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Technology in-depth

While the basics of the technology are very simplistic with groups (we call them cells or fields) of transducers, a rectifier to get from alternating to direct current and some electronics to stabilise the harvested power. To gain more efficiency and effectiveness in all sorts of environments some more challenges arise.

FPGA and 'micro harvesting'

By adding some intelligence to it, by using an FPGA for instance, we can dynamically configure the transducer field to be more serial or parallel connected to reduce the resistance on the board itself, providing more usable power. In certain situations we've seen complete blocking of the transducer field when dB-levels where very high (95dB+) - for instance when measuring outside a car driving over 100 kilometres per hour.

At first we've got stable results around 300mV, which was the first usable power source, this is comparable with the micro infrastructure of solar cells. For instance when using special power conversion chipsets or coupled inductors (by Analog Devices, RECOM or Wurth Electronics for example), that have been developed for thermal or solar energy, we can convert the power towards 3.3 or 5V.


While using larger cells of transducers with a 'field' of rectifiers, we've managed to get directly usable voltage levels around ~5V. Stabilising these inputs using capacitors and we have quite usable power. We can easily group these sources into a more used 12V bus with some linear regulators and again inductors.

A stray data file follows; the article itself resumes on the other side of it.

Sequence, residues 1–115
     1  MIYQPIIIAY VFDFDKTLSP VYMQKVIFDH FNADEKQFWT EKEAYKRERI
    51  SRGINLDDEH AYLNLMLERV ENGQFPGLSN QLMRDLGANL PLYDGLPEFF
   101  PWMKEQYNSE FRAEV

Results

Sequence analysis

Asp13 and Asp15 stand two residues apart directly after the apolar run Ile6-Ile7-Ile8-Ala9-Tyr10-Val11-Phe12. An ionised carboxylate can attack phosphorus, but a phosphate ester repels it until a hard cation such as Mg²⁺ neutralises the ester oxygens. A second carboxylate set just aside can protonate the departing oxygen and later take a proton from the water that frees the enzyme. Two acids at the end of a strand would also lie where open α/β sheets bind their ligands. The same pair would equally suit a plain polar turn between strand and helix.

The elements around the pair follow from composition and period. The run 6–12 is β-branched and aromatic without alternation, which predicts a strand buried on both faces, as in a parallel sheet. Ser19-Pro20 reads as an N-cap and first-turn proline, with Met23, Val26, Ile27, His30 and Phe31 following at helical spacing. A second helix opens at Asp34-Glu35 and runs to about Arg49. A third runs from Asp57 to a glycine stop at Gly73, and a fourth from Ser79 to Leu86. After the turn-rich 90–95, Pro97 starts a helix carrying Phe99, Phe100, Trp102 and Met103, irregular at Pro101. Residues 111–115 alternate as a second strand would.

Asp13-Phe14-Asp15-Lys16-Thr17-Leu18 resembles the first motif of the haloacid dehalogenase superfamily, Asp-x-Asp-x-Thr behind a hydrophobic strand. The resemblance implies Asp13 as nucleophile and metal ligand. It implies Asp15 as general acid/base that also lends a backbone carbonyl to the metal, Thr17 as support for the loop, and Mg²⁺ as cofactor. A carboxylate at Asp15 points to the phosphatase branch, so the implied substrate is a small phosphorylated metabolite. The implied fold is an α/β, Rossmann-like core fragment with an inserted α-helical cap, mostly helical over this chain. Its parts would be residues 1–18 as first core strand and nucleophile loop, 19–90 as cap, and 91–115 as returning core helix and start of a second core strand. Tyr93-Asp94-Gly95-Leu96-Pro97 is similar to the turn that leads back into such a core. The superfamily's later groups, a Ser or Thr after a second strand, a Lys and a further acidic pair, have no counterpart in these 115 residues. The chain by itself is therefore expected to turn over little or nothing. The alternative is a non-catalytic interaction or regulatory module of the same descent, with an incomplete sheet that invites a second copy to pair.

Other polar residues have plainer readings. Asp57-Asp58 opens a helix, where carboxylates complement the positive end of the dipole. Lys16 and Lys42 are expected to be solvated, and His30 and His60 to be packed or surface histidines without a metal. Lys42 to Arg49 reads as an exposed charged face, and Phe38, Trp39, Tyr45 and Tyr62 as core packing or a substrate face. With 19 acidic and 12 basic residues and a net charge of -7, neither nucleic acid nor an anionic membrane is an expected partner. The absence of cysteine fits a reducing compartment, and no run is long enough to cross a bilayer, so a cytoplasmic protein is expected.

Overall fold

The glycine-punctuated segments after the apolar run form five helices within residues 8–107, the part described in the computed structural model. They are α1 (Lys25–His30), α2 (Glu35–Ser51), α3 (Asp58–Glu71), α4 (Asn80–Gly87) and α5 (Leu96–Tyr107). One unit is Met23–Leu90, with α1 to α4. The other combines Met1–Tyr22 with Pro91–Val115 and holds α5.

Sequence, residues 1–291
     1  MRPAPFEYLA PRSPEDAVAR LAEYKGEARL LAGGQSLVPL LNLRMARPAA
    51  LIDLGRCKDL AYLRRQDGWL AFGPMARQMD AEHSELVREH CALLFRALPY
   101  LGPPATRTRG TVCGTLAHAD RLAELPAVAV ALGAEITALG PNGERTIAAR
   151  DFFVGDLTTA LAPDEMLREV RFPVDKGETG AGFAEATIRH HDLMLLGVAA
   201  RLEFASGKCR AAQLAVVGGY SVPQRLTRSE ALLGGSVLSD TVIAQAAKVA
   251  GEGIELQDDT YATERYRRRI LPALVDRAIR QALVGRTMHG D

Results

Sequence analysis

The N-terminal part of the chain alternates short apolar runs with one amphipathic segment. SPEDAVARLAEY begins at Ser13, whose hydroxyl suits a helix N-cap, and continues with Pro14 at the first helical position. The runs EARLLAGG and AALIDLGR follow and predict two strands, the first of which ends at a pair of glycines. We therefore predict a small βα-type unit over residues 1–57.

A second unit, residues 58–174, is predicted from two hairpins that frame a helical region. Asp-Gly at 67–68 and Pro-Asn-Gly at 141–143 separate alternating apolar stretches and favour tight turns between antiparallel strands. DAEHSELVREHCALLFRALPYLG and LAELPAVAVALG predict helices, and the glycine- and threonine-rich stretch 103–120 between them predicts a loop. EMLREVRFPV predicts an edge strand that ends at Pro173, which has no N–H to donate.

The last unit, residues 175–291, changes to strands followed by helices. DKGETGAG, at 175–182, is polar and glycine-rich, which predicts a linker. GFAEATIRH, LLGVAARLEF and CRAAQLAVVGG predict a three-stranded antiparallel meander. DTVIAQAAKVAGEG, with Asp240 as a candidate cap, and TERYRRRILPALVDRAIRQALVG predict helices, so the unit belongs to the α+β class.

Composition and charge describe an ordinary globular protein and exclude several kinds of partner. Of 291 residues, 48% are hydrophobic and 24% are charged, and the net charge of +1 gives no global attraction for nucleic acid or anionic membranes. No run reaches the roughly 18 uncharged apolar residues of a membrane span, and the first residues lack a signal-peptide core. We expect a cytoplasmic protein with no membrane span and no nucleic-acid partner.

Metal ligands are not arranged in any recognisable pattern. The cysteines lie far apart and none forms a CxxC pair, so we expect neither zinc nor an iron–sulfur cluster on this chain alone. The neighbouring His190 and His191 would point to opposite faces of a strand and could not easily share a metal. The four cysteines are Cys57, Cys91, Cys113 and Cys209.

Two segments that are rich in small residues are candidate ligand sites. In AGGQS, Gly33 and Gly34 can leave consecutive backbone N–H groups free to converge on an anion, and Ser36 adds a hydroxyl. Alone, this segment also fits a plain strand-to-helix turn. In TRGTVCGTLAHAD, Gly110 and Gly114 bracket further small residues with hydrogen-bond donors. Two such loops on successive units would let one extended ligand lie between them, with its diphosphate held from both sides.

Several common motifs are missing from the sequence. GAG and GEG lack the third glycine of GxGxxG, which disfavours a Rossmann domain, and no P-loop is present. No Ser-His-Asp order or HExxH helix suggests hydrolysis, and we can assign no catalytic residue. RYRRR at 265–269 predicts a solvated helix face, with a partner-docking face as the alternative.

Sensors to monitor external factors

There are a lot of external factors that influence the results of the harvesting; like air pressure, temperature and humidity. Also the angle of the transducers towards the waves makes a difference. In our development process and on the soon to be available development board a lot of sensors are included to monitor these.

Power usability and storage

The easiest way of getting a perfectly stable power source is obviously storing the irregular power source coming from the harvester; (super)capacitors are an option for this, but batteries are the even better choice. We've developed a tiny battery charger system that can cope with the low and irregular voltages and currents coming from our harvesters to charge 3.7V batteries (LiPO or Lithium).

More information

When this information makes you hungry for more information, test reports, electrical schematics, access to our development boards and what not...


You might be an engineer (or student) and willing to help us in our journey to make sound pollution a usable thing; please don't hesitate and contact us to gain access!

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